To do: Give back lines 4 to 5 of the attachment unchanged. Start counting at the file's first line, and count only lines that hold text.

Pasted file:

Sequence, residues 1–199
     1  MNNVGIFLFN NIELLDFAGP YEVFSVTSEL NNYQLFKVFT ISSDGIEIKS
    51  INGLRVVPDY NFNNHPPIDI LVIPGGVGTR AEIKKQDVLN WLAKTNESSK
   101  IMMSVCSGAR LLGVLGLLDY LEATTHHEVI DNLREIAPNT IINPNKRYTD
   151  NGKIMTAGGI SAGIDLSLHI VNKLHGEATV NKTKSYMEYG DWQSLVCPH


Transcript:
   101  IMMSVCSGAR LLGVLGLLDY LEATTHHEVI DNLREIAPNT IINPNKRYTD
   151  NGKIMTAGGI SAGIDLSLHI VNKLHGEATV NKTKSYMEYG DWQSLVCPH